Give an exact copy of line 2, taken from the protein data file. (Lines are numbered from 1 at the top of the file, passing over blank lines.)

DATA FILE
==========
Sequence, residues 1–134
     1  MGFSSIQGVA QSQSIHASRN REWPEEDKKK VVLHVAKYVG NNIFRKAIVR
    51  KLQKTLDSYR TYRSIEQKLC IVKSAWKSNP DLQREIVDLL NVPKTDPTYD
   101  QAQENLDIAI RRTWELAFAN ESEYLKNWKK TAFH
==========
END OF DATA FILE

     1  MGFSSIQGVA QSQSIHASRN REWPEEDKKK VVLHVAKYVG NNIFRKAIVR